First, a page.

- You are self-employed or a stay at home caregiver, which will make it harder to prove and calculate lost wages.
Are you required to hire an attorney after a car accident?
While technically you don't have to have an attorney, practically, it's a whole different story. You likely want an attorney to help you file a lawsuit and negotiate with the other party. Handling a personal injury lawsuit on your own is a very difficult, time-consuming process that most often results in the plaintiff (you) getting a greatly reduced settlement or nothing at all. Things that you can expect your lawyer to take care of include:
- Review and investigate the facts of the case: You may see your case one way, a lawyer may see it another. A personal injury attorney can tell you whether he or she thinks that you have a viable case and if you missed any relevant information or potentially liable parties.
- Collect and organize evidence: Personal injury cases involve a lot of evidence. Beyond the evidence at the scene, your past and present medical record will likely come into play. Your attorney will connect with your caregivers to obtain relevant evidence. The attorney will also review your records for any red flags. Remember that time you went to the doctor for a sore back five years ago? That may suddenly be relevant.
- Contact and interview witnesses: Your lawyer will want to talk to any witnesses to the accident. Witnesses can make or break a case, and your attorney will want to know what he or she has to say before trial.
- Negotiate a fair settlement: You may not realize it, and it certainly isn't fair, but insurance companies usually offer higher settlements to represented parties. Why? Because they know that attorneys will call them out if their offer is not fair. Insurance companies try to get away with offering less than what you deserve. Your attorney will take care of all the back and forth negotiations.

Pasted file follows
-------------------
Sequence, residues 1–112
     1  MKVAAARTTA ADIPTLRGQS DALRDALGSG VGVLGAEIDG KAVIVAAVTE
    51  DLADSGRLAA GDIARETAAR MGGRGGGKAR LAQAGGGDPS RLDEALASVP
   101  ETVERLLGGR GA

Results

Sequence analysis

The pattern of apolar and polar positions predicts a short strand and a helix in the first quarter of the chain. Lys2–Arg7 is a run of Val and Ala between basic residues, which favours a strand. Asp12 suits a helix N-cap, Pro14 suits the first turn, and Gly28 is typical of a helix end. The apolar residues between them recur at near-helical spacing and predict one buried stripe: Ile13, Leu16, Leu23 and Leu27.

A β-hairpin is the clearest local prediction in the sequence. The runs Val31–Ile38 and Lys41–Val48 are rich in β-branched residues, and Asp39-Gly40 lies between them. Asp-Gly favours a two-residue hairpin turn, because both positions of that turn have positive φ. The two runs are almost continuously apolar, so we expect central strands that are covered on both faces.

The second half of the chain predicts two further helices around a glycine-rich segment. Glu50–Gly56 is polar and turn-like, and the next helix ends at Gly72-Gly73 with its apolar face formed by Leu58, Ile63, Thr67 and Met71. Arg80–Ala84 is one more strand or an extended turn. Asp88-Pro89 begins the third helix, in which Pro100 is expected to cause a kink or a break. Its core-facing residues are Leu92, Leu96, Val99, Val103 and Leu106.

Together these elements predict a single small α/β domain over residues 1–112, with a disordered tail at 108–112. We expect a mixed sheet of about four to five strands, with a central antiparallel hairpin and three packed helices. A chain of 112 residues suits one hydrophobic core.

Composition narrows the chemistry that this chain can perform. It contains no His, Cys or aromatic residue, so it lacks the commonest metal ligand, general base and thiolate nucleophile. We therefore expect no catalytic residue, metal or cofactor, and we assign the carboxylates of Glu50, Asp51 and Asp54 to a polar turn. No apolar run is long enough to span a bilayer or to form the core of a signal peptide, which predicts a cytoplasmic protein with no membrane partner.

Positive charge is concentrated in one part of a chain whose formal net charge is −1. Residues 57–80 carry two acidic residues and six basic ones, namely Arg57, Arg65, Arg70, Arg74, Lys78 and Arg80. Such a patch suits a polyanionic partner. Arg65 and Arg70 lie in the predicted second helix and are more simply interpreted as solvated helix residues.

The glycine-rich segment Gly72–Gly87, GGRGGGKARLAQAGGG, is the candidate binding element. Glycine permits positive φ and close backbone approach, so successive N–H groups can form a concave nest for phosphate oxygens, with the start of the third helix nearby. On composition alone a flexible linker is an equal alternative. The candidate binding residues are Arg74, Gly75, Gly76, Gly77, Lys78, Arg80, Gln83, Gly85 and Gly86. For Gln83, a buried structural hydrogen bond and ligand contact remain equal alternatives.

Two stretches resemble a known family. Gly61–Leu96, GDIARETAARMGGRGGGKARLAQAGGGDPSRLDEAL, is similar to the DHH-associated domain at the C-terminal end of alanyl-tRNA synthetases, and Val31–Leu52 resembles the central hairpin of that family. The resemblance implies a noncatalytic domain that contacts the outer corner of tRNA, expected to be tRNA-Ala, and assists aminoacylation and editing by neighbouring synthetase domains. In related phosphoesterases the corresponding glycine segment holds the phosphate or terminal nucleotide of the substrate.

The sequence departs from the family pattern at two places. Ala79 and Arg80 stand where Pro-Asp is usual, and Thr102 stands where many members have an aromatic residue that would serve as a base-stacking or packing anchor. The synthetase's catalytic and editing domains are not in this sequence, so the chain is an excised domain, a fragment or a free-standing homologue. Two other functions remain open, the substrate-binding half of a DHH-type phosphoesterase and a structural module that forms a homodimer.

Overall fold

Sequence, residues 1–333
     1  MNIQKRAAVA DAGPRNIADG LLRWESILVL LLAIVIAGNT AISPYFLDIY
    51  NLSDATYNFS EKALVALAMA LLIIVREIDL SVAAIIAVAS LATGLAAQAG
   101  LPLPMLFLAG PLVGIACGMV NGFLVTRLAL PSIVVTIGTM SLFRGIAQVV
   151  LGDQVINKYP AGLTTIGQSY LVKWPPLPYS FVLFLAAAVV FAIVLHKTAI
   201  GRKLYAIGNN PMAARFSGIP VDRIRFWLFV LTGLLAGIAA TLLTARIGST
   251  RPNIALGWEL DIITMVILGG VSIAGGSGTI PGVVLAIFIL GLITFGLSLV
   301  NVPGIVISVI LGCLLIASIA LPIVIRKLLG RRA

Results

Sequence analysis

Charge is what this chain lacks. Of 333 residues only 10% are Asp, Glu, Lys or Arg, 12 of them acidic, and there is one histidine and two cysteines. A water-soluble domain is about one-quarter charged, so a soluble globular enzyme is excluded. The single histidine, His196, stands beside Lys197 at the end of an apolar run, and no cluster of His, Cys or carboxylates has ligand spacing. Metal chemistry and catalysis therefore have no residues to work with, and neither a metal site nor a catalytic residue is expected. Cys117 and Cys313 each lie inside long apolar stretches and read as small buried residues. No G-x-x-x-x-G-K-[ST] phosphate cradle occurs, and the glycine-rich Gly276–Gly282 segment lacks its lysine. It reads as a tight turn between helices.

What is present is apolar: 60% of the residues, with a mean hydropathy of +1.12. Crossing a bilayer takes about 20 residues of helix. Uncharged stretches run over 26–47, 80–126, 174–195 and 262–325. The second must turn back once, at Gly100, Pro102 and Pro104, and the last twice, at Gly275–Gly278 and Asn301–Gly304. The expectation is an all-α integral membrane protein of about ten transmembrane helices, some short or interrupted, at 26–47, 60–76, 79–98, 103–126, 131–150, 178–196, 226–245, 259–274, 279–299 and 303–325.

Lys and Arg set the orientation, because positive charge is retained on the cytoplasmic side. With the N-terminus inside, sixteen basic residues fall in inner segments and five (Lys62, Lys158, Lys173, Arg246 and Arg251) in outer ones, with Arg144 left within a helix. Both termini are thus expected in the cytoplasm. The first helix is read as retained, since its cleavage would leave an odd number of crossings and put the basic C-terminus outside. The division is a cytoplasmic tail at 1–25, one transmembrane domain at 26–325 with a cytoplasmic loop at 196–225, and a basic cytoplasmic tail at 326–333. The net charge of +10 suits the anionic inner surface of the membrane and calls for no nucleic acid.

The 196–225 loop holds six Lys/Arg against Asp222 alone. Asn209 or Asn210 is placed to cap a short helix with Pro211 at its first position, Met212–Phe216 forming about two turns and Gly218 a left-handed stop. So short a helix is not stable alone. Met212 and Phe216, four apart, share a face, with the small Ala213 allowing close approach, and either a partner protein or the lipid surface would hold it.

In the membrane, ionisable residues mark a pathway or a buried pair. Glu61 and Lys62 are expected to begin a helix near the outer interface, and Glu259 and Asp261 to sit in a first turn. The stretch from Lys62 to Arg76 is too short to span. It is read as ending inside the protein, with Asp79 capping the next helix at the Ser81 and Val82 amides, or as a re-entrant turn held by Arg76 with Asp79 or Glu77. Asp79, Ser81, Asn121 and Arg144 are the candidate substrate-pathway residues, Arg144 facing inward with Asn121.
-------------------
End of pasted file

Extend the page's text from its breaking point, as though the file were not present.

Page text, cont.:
- Take your case to court: The goal is to get you compensation for the full cost of your injuries by asserting your legal rights. Sometimes, this requires taking your case to court. In the event your case makes it in front of a jury, you want an experienced legal professional by your side.
When should you hire a personal injury attorney?
If you answered yes to any of the questions above, you need to talk to a personal injury attorney. But the question is, when. We always suggest talking to a personal injury attorney as soon as possible. This will help your attorney get a jump start on the case and make sure that he or she has enough time to file a lawsuit, if necessary. In Pennsylvania, drivers have two years to file a personal injury lawsuit, so the sooner you can talk to an attorney, the better. Some of the benefits of talking to an attorney early include:
- Evidence: The earlier you talk to an attorney, the more time he or she will have to gather evidence. This is especially important in cases where there may be video evidence of the accident. If you wait too long, it's less likely you'll be able to access this footage.
- Memory: The human brain is imperfect. As time goes by, you may start to forget the details of the accident. This is common for witnesses who do not have a vested interest in the case. Even if you do manage to remember the details, the insurance company will have a better chance of poking holes in your story, pointing to unreliable evidence.
- Action: The heart of your case relies on personal accounts and evidence. We already know that waiting can affect these areas. But in some circumstances, it may be helpful to call on an expert witness or reconstruct the accident. These things need to be scheduled and take time. If you wait, you may lose the opportunity to present critical evidence.
Every case is different. It's hard to determine how much your case is worth and how much work it will require without talking to an experienced legal professional. That's why, if you have questions or need help after an accident, it's always a good idea to sit down with a car accident attorney right away.